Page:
1. How many of us want something? What does it mean to want something? To desire something?
2. What is desire?
If we are hungry, we get food. But sometimes, we want not just slop. We can eat anything as long as it has the right nutrients.
3. What are some of your desires?
4. Where does desires come from? How big is that desire? (Genesis 1-3; Ecclesiastes 3:11)
5. If you eat once, will you get hungry again? If you desire lots of money, and you get lots of money, do you think you will stop wanting money?
6. If God fills that infinite space in your heart, will you be satisfied? (Psalm 17:15)
Mark 7:31-37 Then he returned from the region of Tyre and went through Sidon to the Sea of Galilee, in the region of the Decapolis. And they brought to him a man who was deaf and had a speech impediment, and they begged him to lay his hand on him. And taking him aside from the crowd privately, he put his fingers into his ears, and after spitting touched his tongue. And looking up to heaven, he sighed and said to him, “Ephphatha,” that is, “Be opened.” And his ears were opened, his tongue was released, and he spoke plainly. And Jesus charged them to tell no one. But the more he charged them, the more zealously they proclaimed it. And they were astonished beyond measure, saying, “He has done all things well. He even makes the deaf hear and the mute speak.”
1. This should not surprise anybody that God can heal the deaf and the mute. But why did Jesus perform this miracle.
2. After speaking at length with the Pharisees, it appears that they would not hear Jesus. For us to hear God, does God have to do something first?
1 Corinthians 2:9
But, as it is written,
“What no eye has seen, nor ear heard,
nor the heart of man imagined,
what God has prepared for those who love him”—
Mark 7:24-30 And from there he arose and went away to the region of Tyre and Sidon. And he entered a house and did not want anyone to know, yet he could not be hidden. But immediately a woman whose little daughter had an unclean spirit heard of him and came and fell down at his feet. Now the woman was a Gentile, a Syrophoenician by birth. And she begged him to cast the demon out of her daughter. And he said to her, “Let the children be fed first, for it is not right to take the children’s bread and throw it to the dogs.” But she answered him, “Yes, Lord; yet even the dogs under the table eat the children’s crumbs.” And he said to her, “For this statement you may go your way; the demon has left your daughter.” And she went home and found the child lying in bed and the demon gone.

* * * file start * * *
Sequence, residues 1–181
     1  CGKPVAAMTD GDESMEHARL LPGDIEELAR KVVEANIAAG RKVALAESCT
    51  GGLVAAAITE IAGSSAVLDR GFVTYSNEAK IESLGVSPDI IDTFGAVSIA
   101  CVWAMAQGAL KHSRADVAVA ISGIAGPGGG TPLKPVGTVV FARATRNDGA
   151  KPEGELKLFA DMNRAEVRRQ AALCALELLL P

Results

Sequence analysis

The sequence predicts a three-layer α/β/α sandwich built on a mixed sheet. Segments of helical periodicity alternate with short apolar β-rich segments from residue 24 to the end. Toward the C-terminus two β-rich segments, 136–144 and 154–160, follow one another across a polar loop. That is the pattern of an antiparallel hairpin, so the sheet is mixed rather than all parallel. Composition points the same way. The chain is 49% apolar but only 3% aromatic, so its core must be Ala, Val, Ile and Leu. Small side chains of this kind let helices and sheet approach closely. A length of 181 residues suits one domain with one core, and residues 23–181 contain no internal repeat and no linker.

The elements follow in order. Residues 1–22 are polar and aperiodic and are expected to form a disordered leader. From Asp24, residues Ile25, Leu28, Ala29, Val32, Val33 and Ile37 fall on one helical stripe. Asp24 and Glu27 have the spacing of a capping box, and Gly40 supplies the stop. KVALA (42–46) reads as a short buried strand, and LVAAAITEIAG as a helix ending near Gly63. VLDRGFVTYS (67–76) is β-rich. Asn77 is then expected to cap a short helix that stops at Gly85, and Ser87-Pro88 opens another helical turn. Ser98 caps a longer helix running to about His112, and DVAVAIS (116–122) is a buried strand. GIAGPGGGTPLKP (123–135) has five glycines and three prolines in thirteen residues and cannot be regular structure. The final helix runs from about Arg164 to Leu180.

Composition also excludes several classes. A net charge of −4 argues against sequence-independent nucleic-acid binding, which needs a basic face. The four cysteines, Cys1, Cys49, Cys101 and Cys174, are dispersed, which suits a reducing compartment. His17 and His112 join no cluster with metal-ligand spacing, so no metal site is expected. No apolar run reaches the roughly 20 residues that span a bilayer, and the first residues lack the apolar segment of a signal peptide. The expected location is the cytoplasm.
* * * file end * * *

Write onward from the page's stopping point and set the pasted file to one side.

1. How did the Jews treated Jesus?
2. How did this non-Jewish woman treated Jesus?
3. Who are the children that Jesus speaks of? Who are the “little” dogs?
4. Can we be saved by the family we are born into or the church that we attend?
5. What or who can save us?
6. Does God just give us a little crumb?
7. Would you trade your little crumb for anything else in the world?
And he called the people to him again and said to them, “Hear me, all of you, and understand: There is nothing outside a person that by going into him can defile him, but the things that come out of a person are what defile him.” And when he had entered the house and left the people, his disciples asked him about the parable. And he said to them, “Then are you also without understanding? Do you not see that whatever goes into a person from outside cannot defile him, since it enters not his heart but his stomach, and is expelled?” (Thus he declared all foods clean.) And he said, “What comes out of a person is what defiles him. For from within, out of the heart of man, come evil thoughts, sexual immorality, theft, murder, adultery, coveting, wickedness, deceit, sensuality, envy, slander, pride, foolishness. All these evil things come from within, and they defile a person.”
1. Can we do anything to that would make us evil, bad, or clean?
2. According to Jesus, where does evil come from?
3. Is the evil that we do makes us evil?
4. Is it the good that we do makes us good?
5. Who makes us good? Who gives us good hearts?
There comes a time and place when your kids won’t need you anymore. I am not talking about when they hit 18 years old and out the door one last time. I am talking about little milestones along the way.
Take for instance, Elijah.
This is our Bubs aka Bubba aka Bubba Lub aka Too Bubs aka Bubbiest. He does everything full throttle with the nitro line wide open. Fast as freak. Articulate as hell. Lover of Dinosaurs, Mama, Siblings, and especially Baby Sister Ivy.
As soon as he was weaned off Mama’s milk, I have had the sweet pleasure of putting him to bed every single night for the last two years.
That was two years of holding him in my arms. Two years of praying over him and blessing him. Two years of trying to memorize Bible verses while he snored away.
Two years of being my constant companion during my most intimate, personal, and quiet times with God.
Two years in this same old green rocker.
Last weekend, that all changed. We rearranged rooms and roommates. Now he is paired up with his big sister who goes to bed around the same time he does.